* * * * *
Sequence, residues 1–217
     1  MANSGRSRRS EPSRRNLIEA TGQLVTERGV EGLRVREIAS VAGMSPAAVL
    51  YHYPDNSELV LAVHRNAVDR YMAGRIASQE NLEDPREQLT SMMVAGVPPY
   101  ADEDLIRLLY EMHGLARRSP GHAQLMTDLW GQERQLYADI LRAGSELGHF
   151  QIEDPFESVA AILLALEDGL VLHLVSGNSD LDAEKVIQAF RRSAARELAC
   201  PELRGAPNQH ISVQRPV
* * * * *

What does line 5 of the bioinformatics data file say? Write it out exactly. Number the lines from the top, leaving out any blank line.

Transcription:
   151  QIEDPFESVA AILLALEDGL VLHLVSGNSD LDAEKVIQAF RRSAARELAC